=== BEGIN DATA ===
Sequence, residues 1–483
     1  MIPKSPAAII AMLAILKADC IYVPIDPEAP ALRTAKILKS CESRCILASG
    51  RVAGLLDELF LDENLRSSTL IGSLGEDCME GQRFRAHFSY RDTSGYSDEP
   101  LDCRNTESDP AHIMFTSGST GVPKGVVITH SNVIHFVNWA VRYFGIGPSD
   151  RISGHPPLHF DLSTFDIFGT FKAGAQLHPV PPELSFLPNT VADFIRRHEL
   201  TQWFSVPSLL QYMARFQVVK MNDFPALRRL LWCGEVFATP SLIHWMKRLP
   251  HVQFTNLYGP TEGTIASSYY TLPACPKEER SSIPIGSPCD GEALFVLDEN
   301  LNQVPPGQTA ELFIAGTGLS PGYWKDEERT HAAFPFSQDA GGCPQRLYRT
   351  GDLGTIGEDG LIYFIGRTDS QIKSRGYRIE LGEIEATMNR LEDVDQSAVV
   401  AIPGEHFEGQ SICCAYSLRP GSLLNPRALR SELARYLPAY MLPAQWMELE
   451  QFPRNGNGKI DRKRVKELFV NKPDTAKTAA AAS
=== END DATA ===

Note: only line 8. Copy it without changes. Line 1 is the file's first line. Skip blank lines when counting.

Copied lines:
   301  LNQVPPGQTA ELFIAGTGLS PGYWKDEERT HAAFPFSQDA GGCPQRLYRT